Acute responses of breathing techniques in maximal inspiratory pressure
The purpose of the present study was to examine the effect of three breathing techniques [normal breath (NB), breath holding (BH) and intermittent breath holding (IBH)] on finswimmers’ heart rate (HR), arterial oxygen saturation (SpO2) and maximum inspiratory pressure (PImax).
Ten young finswimmers (15.8 ± 0.5 years) performed 8 × 25 m freestyle leg kick trials under the three different breathing occasions (NB, BH and IBH). HR, SpO2 and PImax were recorded immediately after the end of each test.
The results showed lower SpO2 values immediately after the end of IBH technique in correlation with the other breathing techniques (IBH: 88 ± 0.9%; BH: 93.3 ± 0.7%; NB: 98.3 ± 0.3%; p < 0.001). Additionally, HR was higher after IBH compared to the other breathing techniques (IBH: 177 ± 4.2 bpm−1; BH: 165.7 ± 7.9 bpm−1; NB: 158.3 ± 2.2 bpm−1, p < 0.001) and PImax was also higher after the IBH compared to the other two techniques (IBH: 168.3 ± 5.3 cmH2O; BH: 166 ± 11 cmH2O; NB: 161.7 ± 11.4 cmH2O; p < 0.05).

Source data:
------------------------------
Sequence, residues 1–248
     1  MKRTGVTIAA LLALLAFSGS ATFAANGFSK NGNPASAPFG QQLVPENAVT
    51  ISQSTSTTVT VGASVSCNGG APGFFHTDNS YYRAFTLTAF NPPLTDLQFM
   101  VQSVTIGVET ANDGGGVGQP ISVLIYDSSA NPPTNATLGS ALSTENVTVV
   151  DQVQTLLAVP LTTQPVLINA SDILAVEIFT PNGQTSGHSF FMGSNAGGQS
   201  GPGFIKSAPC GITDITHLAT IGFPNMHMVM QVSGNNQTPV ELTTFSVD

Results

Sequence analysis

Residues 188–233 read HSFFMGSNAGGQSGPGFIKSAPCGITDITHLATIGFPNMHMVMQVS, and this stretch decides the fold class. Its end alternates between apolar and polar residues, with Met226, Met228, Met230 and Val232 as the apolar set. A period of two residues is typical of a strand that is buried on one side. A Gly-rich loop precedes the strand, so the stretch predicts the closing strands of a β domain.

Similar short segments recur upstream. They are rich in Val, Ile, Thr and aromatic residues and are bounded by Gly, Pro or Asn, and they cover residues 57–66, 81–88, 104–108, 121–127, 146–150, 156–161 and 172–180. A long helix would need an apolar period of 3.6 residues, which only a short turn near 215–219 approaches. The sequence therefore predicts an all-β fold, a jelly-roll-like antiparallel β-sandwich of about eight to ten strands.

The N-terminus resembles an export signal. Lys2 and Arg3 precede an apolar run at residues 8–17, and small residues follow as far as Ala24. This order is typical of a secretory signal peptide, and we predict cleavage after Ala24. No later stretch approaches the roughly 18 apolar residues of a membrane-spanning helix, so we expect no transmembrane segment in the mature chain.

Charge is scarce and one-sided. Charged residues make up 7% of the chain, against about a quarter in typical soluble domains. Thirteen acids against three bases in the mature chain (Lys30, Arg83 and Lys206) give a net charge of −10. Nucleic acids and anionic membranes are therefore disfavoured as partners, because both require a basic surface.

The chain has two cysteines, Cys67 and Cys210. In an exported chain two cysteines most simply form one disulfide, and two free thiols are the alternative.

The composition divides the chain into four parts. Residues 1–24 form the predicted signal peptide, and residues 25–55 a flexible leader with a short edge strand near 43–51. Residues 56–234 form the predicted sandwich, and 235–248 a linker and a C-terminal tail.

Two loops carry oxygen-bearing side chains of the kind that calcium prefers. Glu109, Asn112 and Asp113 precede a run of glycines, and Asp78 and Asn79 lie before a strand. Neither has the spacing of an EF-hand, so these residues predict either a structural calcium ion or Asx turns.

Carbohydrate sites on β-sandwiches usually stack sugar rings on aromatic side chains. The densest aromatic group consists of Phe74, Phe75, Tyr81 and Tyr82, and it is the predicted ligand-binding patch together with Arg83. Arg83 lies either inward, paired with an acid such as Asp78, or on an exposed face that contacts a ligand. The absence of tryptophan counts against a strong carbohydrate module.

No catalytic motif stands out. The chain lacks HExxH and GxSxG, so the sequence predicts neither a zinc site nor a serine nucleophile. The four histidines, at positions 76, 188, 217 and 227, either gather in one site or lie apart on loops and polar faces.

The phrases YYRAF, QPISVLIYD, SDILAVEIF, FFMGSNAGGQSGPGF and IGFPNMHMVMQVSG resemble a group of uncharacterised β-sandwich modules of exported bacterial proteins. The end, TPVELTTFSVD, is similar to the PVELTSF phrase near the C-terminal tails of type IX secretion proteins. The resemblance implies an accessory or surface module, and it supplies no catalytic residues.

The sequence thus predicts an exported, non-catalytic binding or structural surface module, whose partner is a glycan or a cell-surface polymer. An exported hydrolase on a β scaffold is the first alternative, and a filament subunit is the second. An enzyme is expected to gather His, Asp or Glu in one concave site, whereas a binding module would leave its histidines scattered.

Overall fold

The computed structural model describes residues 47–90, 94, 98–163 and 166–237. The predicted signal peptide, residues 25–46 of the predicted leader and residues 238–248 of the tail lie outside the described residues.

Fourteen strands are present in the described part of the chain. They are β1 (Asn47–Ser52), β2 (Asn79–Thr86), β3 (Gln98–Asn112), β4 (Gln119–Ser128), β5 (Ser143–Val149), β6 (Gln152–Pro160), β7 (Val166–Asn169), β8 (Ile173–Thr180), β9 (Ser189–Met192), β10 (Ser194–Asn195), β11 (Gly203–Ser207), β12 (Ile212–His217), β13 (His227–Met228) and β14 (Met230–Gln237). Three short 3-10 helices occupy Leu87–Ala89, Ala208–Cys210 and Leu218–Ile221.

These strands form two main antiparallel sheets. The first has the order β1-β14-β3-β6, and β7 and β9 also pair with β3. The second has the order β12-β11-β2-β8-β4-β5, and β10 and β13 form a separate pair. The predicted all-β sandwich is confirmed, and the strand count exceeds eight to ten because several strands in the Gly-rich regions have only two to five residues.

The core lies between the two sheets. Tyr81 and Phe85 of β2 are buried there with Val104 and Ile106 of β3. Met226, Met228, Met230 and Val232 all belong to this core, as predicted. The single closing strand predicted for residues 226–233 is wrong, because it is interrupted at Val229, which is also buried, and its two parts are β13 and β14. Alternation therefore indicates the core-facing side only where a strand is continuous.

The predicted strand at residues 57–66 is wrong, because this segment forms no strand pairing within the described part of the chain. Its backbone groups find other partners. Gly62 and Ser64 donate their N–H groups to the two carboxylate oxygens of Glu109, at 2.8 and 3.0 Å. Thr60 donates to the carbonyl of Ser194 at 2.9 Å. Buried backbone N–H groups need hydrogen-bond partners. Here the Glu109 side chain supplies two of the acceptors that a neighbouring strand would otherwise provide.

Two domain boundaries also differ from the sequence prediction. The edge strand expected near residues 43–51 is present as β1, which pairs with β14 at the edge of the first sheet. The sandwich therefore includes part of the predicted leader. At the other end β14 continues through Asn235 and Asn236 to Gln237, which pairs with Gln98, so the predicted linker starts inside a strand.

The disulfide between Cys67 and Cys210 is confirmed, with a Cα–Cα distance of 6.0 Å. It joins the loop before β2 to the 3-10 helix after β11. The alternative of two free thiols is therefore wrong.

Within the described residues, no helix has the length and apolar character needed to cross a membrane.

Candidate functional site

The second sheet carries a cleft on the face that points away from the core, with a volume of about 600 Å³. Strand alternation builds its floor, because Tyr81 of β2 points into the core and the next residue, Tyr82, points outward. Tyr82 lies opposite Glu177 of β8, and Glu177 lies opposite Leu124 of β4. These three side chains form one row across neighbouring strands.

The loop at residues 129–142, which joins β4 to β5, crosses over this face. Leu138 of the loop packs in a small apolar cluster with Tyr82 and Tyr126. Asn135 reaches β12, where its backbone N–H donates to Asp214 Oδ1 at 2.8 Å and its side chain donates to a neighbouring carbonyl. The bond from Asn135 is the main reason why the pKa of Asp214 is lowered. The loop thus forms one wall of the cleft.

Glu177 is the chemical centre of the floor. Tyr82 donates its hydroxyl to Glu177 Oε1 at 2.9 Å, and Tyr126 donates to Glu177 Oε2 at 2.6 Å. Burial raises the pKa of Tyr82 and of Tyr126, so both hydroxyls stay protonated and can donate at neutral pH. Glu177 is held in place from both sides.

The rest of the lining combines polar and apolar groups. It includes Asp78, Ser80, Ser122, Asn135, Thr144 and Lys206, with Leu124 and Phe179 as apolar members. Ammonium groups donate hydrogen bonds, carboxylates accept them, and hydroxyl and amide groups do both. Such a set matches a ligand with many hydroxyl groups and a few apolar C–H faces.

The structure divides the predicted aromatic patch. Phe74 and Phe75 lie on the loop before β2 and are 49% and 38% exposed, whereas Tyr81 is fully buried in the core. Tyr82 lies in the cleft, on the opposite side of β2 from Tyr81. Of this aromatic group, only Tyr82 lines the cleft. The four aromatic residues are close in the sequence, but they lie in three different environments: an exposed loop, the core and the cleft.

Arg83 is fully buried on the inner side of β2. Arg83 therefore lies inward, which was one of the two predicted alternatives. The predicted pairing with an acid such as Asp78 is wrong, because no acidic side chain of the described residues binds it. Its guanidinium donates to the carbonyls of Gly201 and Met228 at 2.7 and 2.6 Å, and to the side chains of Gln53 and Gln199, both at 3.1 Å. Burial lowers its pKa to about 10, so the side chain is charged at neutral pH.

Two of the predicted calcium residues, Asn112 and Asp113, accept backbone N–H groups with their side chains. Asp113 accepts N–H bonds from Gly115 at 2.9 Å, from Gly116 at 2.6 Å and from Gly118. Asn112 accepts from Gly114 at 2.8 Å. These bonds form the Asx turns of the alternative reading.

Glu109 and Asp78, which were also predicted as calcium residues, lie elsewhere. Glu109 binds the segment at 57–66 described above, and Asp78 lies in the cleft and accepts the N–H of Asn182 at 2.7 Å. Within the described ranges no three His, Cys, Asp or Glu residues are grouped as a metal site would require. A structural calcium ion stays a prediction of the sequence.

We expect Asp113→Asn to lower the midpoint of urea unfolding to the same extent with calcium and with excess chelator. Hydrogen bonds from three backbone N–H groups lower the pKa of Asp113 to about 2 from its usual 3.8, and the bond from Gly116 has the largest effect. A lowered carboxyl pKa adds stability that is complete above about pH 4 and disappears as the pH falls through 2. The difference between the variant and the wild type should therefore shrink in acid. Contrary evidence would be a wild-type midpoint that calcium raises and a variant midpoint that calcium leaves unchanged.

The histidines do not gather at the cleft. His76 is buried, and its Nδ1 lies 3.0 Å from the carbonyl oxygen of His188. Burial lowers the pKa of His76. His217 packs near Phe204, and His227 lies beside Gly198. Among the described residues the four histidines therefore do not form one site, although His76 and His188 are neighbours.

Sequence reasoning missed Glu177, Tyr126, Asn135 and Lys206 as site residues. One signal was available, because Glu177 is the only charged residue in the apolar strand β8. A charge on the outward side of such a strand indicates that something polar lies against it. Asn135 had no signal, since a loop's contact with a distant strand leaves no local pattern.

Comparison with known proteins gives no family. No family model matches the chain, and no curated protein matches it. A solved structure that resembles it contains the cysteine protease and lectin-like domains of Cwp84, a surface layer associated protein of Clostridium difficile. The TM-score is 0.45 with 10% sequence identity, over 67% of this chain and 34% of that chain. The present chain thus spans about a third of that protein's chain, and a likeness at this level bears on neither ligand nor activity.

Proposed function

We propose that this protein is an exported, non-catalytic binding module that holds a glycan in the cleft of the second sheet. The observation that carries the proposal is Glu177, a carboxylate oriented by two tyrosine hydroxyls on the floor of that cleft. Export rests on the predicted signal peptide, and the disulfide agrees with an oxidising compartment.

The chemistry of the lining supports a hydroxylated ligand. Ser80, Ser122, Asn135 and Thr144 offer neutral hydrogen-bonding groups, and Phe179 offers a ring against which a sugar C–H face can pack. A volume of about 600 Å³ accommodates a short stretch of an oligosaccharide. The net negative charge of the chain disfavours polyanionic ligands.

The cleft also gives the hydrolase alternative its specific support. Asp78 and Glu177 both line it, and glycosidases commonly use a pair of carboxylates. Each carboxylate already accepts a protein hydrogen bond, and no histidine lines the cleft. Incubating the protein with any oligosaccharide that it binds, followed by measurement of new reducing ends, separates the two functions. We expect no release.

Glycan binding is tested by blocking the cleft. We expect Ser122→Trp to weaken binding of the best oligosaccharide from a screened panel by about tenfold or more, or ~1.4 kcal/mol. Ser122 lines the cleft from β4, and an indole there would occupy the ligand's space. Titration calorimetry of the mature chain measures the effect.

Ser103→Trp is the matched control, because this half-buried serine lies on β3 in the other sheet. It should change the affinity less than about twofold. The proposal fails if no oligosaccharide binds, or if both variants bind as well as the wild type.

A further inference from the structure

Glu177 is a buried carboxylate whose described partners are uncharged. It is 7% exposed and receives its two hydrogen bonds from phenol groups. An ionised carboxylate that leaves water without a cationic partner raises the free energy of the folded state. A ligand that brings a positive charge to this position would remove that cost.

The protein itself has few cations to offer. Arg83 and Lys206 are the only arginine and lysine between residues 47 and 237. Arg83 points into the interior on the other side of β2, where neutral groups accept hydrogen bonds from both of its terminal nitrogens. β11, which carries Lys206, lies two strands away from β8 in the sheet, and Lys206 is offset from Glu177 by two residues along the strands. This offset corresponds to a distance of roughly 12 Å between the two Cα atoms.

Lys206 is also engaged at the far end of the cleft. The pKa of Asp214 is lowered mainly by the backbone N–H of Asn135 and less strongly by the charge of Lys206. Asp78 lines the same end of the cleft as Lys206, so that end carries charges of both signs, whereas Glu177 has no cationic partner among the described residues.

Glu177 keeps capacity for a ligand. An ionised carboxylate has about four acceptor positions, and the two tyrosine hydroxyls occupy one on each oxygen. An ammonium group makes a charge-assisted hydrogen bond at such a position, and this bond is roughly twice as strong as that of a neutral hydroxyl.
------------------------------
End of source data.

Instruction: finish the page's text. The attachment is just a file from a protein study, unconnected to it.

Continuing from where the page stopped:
The data from the present study support that BH and even more so IBH training acutely increase the inspiratory muscles strength. This is an important training tool to improve the inspiratory muscle performance in athletes.
KeywordsBreathe frequency Sub-maximal exercise Finswimming
Compliance with ethical standards
Conflict of interest
The authors declare they have no conflict of interest.
All procedures performed in studies involving human participants were in accordance with the ethical standards of the institutional and/or national research committee and with the 1964 Helsinki declaration and its later amendments or comparable ethical standards.
Informed consent was obtained from all individual participants included in the study.
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